ELLIJAY, Ga. – “The greatness of a nation can be judged by the way its animals are treated.” A sign say in front of the Gilmer County Courthouse’s Jury Assembly Room, brought by one of the supporters of the county’s Animal Shelter and an expansion plan alongside two major donations for the facility.
The plan actually includes both expansion and retrofitting of the facility. With encouragement from groups like FOGAS (Friends of Gilmer Animal Shelter), Volunteers Helping the Gilmer County Animal Shelter, Paws Be Good, Homeward Bound, Furry Paws, and many others according to Jack Peyton of FOGAS, who spoke first in the Commissioners meeting on September 9, 2021.
The expansion and donations have been discussed before with questions arising over how the county will support the annual increase in budget for maintaining a larger facility.
Many of those who spoke at the meeting, including Animal Shelter Director Daniel Laukka, stated that the need for a larger facility is already here and more growth is coming. Laukka and others spoke about how animals have become so increased in number that they are being housed in areas like offices simply because their is not enough room elsewhere. With cages in his own office for cats, Laukka spoke of the benefits that the expansion and retrofit will provide in caring for the animals, and how some money could be saved in the annual costs.
Minor items like having to take animals to the vets office for spay/neuter appointments will be neutralized as the expansion has a small area for vets to come and perform the procedures in the animal shelter with equipment in the shelter.
Laukka said he already has 2 vets committed to coming to the shelter to do this. With volunteers continuing to help when possible, speakers in the meeting repeated the need that they have seen as they have helped and visited the shelter. He also noted that a local commercial laundry service has offered to service new laundry equipment designated in the retrofit for free. Also helping with some additional maintenance costs.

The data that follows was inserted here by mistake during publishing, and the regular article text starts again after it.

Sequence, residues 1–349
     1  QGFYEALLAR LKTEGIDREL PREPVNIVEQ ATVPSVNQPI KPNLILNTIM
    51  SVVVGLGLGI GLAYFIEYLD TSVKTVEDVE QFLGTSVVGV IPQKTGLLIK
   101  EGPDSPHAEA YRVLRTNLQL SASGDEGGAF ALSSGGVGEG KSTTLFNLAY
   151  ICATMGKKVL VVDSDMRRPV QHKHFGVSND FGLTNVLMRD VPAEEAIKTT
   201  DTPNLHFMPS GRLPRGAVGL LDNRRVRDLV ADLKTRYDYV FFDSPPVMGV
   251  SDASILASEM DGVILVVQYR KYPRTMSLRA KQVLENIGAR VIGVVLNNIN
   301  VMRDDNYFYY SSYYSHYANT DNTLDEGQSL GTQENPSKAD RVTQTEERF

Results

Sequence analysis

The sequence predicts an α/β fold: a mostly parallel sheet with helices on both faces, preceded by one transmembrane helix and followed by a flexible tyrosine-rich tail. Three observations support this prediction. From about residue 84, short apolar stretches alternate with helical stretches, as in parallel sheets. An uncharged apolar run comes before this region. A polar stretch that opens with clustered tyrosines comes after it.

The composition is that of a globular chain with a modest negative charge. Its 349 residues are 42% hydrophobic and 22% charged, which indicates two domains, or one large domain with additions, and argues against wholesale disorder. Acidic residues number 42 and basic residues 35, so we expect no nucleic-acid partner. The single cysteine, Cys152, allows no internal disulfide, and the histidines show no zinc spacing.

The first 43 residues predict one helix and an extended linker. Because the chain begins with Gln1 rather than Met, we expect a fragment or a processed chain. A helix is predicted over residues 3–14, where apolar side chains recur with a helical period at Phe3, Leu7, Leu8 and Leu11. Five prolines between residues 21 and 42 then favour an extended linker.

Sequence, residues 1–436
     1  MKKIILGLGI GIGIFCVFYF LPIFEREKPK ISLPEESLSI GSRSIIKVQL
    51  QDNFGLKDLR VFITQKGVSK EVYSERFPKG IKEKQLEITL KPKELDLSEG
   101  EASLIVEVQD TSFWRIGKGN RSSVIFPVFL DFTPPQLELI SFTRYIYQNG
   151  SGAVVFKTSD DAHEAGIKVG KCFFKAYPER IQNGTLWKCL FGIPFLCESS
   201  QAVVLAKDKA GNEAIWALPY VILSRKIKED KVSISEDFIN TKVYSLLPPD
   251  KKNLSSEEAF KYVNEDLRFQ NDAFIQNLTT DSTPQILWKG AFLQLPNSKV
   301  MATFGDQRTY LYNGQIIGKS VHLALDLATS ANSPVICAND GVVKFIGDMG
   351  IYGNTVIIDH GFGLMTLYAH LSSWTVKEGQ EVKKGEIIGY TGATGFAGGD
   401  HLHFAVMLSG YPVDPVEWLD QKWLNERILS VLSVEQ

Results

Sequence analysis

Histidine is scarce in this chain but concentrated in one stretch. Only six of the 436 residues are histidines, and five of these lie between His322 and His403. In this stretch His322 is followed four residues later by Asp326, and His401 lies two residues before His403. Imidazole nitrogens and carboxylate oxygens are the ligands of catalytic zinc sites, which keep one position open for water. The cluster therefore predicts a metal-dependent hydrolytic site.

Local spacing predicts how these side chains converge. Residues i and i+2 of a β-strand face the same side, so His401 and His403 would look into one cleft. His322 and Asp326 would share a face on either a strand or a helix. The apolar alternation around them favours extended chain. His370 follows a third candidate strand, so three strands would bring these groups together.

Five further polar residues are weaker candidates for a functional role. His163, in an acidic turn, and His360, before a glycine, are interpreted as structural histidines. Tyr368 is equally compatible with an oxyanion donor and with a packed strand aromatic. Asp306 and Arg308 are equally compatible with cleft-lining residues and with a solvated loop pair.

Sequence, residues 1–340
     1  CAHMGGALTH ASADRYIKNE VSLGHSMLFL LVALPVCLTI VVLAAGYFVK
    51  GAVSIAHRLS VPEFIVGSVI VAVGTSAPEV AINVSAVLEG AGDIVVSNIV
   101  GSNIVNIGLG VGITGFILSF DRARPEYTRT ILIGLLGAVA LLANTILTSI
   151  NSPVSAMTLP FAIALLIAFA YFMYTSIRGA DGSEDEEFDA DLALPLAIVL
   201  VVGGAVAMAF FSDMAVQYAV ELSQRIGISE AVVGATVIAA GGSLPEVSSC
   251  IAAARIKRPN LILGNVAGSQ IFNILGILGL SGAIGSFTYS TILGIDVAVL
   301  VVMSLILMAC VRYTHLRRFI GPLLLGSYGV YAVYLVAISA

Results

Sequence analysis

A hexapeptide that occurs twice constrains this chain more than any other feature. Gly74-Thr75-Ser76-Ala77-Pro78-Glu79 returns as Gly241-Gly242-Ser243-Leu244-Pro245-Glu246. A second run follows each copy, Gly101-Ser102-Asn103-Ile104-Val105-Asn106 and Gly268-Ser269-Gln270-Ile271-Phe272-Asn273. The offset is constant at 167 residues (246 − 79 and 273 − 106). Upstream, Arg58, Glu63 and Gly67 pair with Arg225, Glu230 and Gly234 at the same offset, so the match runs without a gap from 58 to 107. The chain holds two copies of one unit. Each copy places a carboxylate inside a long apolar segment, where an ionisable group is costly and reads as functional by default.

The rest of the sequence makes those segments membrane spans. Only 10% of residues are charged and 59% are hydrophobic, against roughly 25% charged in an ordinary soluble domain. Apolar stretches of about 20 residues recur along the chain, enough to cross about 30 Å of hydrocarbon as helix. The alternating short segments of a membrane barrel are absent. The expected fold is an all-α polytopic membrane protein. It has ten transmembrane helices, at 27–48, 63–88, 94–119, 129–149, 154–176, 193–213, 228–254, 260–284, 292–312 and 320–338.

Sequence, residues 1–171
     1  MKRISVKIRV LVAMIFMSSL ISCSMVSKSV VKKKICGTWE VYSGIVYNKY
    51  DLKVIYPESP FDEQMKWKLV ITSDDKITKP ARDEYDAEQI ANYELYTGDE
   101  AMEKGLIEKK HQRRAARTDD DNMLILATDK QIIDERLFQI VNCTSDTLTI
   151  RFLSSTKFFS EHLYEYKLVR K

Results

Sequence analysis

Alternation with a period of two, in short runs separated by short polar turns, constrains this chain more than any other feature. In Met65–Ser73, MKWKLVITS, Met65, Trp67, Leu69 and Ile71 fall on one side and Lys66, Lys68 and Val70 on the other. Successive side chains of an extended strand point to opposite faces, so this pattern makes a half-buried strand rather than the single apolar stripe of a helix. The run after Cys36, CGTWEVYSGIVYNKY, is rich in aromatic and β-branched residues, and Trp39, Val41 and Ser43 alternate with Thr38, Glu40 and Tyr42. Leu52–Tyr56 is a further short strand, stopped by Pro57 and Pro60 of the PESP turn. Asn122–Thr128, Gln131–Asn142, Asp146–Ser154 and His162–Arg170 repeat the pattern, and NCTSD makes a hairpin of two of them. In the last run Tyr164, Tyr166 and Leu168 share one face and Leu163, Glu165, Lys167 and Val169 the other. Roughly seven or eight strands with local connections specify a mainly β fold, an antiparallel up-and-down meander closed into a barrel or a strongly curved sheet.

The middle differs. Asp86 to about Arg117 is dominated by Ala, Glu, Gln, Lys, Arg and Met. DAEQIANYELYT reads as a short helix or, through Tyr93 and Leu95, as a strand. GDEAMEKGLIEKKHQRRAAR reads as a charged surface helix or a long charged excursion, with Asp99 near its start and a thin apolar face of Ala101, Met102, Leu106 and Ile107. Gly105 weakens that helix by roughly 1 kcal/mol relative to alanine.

Additional discussion moved from what is needed to what has already been accomplished. Dr. William Mitchell, a veterinarian, walked to the podium and said, “I am here to speak in support of Daniel.”
Though the topic at hand was about plans to expand the animal shelter, many of the speakers spoke specifically to what Director Daniel Laukka has accomplished and the leadership he has provided. Dr. Mitchell went on to say he has worked with Animal Control facilities for several decades, “I have never seen a more dedicated and hard working individual than Daniel.”
Laukka himself said he could never do what he does without his staff and supporting groups. It is a collective of efforts from the community that support the shelter.
Programs from supporting groups have allowed for help in the community like low cost spays and neuters for those who need it and the capturing of feral cats in order to spay/neuter and then re-release.
All of these culminate in a department that citizens said has every county in North Georgia looking at Gilmer and how they handle this. One speaker went so far as to call it a “mecca” of the animal shelters in the area.
Laukka himself noted that in 2013, the shelter averaged around 1800 to 2000 animals a year. Laukka noted that close to 1100 of those animals were euthanized every year. WIth expansion first looked at four years ago, according to Laukka, the county instead went with a van that is used in partnership with other programs in other states in the north.
With this hard work towards becoming a “no kill” status, Laukka said in the meeting, “Ninety-nine percent of the animals that come into the shelter now, leave the shelter alive, adoptable, healthy. I get all the credit for it but I couldn’t do it without all the volunteers and the employees. The employees do way more than anybody could ever know.”
Almost 45 minutes of discussion saw every single person that did stand to speak on the topic discussing their support for accepting the donations and the expansion plans. After that, the commissioners moved to the agenda item on the plans.
A very emotional night saw several speakers fighting back tears, and so followed Chairman Paris as he said, “I understand. I can’t say a lot, but I’m going to make a motion to accept the money and build a shelter.”